ISSN (Print) - 0012-9976 | ISSN (Online) - 2349-8846

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A Re-examination of Gold Flows in India during the Inter-war Years

Having been an importer of gold through the 19th and early 20th centuries, for the first time in its recorded colonial history, India witnessed massive gold exports to the tune of over `3.5 billion in the latter half of the inter-war years. Gaps in the recording of trade statistics during the period coupled with an inadequate understanding of the colonial economy have led to wrongly accounting for these exports as commodity gold exports. A reclassification of India’s gold flows during the inter-war years shows that India’s gold exports, which rightfully belonged in the capital account, were an outcome of a distress-driven sale of assets by the Indian peasantry in the 1930s and aided Britain’s recovery from the depression.

Bailout for Britain

The main source of data on colonial India’s trade, namely the Statistical Abstract of British India (1840–1941), does not categorise gold inflows according to the purpose of use, into commodity and financial gold, as is done in the contemporary times. Hence, all gold flows in colonial India were treated as de facto commodity gold in economic history writings of the period, and this has perpetuated the myth that through the 19th and early 20th centuries, all of India’s gold imports were for the purpose of hoarding. On the other hand, during the worldwide Depression of the 1930s, India saw a decline in export surpluses, and a massive increase of gold exports of over `3.5 billion for the first time in its recorded colonial history. It has been wrongly concluded that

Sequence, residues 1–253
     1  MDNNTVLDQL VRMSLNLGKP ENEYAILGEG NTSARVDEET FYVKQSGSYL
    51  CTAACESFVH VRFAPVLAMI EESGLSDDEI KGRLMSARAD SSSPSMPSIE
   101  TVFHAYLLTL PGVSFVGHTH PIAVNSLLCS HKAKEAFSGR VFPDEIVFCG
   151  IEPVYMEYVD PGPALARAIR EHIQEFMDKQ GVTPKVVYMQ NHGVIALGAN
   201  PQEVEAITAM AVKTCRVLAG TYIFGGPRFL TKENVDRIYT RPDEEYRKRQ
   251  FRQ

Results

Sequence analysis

the sale of commodity gold helped keep India’s current account in surplus.

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Updated On : 10th Apr, 2023
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